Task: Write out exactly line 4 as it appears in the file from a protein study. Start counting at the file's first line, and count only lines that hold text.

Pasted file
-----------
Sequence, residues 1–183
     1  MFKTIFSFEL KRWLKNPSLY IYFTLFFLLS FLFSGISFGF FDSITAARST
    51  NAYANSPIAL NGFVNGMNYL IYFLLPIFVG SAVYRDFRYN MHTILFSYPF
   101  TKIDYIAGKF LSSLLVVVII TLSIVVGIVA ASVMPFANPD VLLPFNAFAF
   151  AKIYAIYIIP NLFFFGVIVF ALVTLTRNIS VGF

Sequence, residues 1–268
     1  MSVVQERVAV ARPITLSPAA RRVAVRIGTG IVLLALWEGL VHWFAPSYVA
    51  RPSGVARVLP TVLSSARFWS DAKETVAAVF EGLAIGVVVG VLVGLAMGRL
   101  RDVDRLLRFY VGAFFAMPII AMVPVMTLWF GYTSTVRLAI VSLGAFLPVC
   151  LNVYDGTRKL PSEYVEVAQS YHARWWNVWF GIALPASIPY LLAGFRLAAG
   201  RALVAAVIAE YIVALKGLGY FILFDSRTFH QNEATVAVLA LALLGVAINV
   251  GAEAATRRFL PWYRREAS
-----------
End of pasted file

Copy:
   101  TKIDYIAGKF LSSLLVVVII TLSIVVGIVA ASVMPFANPD VLLPFNAFAF